Contrary to previous beliefs that only one kind of Arapaima existed, a new species of the giant Amazonian freshwater fish has been discovered in Brazil.
The Arapaima is a family of freshwater osteoglossiform fishes known as the bonytongues, native to the Amazon River in Brazil. They are also the largest freshwater fish in South America. Contrary to previous beliefs that only that one kind of Arapaima existed, a new species of the giant Amazonian fish has been discovered in Brazil. This species has been discovered 160 years after the first one was found.
"Everybody for 160 years had been saying there's only one kind of arapaima. But we know now there are various species, including some not previously recognized. Each of these unstudied giant fishes needs conservation assessment," said Dr. Donald Stewart of the SUNY College of Environmental Science and Forestry (ESF), who made the discovery.
For centuries now, the Arapaima has been one of the most commercially viable fish in the world and has high economical value. However, not much is known about their diversity. Though in the 1880s, four species were reportedly discovered, Albert Günther, a scientist at the British Museum of Natural History, revealed that the four species were actually all one species - Arapaima gigas.
Until last year, no one questioned Günther's opinion. However, when Stewart began a study on the genus in Guyana and Brazil, he was forced to question Günther's theory.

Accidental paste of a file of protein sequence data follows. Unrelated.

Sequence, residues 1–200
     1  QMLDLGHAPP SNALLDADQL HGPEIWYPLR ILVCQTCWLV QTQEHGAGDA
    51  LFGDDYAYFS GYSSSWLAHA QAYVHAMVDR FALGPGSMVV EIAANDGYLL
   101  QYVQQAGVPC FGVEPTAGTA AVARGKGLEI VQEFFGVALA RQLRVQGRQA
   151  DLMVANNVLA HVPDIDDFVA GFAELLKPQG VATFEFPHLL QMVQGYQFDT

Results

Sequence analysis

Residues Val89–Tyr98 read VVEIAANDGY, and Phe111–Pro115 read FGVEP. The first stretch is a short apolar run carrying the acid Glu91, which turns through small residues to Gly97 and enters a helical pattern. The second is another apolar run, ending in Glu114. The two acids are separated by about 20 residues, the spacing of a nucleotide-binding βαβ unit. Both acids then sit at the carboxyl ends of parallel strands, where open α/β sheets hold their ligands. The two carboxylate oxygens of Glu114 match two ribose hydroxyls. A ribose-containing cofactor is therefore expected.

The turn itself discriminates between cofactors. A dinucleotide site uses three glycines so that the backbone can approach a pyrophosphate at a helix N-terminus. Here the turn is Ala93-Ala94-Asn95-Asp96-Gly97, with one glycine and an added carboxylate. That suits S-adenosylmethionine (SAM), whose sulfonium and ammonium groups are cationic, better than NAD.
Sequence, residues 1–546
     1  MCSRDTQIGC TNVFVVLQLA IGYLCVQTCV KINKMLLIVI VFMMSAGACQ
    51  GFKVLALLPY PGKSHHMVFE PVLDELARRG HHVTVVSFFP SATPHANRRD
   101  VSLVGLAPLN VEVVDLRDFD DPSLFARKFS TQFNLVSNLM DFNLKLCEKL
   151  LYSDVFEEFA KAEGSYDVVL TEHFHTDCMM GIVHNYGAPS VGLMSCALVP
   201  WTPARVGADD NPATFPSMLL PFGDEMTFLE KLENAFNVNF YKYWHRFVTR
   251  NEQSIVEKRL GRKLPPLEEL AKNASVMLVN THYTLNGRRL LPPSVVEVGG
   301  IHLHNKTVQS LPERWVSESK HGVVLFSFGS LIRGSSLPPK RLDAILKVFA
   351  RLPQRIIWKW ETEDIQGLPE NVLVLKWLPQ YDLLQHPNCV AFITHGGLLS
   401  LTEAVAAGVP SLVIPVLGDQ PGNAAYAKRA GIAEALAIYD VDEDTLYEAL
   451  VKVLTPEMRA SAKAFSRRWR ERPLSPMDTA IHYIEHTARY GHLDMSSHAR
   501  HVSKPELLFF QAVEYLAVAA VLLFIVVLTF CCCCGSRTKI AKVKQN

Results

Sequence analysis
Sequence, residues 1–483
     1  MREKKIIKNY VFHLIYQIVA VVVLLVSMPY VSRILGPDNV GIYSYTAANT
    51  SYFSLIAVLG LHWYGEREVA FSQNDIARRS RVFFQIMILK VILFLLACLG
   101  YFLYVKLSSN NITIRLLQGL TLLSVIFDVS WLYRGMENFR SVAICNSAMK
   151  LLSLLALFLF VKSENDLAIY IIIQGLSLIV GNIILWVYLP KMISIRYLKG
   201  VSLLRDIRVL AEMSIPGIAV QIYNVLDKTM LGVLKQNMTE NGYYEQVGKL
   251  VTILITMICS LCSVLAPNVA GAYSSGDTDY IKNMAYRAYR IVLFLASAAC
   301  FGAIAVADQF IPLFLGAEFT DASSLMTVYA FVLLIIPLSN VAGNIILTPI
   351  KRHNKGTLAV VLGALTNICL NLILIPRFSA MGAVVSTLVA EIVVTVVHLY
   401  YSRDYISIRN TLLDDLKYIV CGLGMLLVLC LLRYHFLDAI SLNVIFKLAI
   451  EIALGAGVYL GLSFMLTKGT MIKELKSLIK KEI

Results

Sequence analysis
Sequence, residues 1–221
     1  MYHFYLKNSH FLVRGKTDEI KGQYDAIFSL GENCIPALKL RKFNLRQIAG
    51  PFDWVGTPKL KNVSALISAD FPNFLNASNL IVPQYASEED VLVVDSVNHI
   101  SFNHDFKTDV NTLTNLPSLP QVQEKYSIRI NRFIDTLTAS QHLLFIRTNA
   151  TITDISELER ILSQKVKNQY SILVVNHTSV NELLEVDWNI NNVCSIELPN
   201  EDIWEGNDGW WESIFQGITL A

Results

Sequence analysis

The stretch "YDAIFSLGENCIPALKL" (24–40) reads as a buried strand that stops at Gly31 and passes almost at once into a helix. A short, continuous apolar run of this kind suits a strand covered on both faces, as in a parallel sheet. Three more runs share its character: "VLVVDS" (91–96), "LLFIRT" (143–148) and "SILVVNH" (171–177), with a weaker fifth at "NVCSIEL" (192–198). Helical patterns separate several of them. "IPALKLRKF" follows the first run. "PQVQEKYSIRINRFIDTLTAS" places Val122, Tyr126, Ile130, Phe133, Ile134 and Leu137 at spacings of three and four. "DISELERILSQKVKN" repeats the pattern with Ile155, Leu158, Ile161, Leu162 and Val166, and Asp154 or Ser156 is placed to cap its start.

"If you're going to do conservation biology, you have to be sure about the taxonomy of the animals being studied," he said. "If each study area has a different species, then results from one area should not be applied to manage populations in the next area."
After studying scientific literature from the 19th century and examining original specimens preserved at the National Museum of Natural History in Paris, Steward found that the four species previously discovered were, in fact, distinct. The author published a re-description of one of the species and a summary of the other species discovered in a paper in the March issue of Copeia.
After examining preserved arapaima at the Instituto Nacional de Pesquisas da Amazônia in Manaus, Brazil, Steward discovered the latest species, bringing the total number of species currently known to five. The shape of sensory cavities on the head, a sheath that covers part of the dorsal fin, and a distinctive color pattern sets the newly discovered species apart from the others and has been given the scientific name A. leptosome.
The new discovery also highlights the ecological hazards of relocating animals in their habitat. It also questions what other species remain undiscovered.
"Failure to recognize that there are multiple species has consequences that are far reaching," Stewart said. "For example, there is a growing aquaculture industry for arapaima, so they are being moved about and stocked in ponds for rearing. Eventually pond-reared fishes escape and, once freed, the ecological effects are irreversible. A species that is endangered in its native habitat may become an invasive species in another habitat. The bottom line is that we shouldn't be moving these large, predatory fishes around until the species and their natural distributions are better known. Given the uncertainties, precaution is needed."
Overfishing is held responsible for the lack of diversity knowledge of the Arapaima. For years now, it has been the most exploited fish in the Amazon basin. The number of Arapaima fish living in their natural habitat is close to zero and this could be one of the reasons why such species discoveries remain rare.
The newly discovered species is on display in a public aquarium in the Ukraine.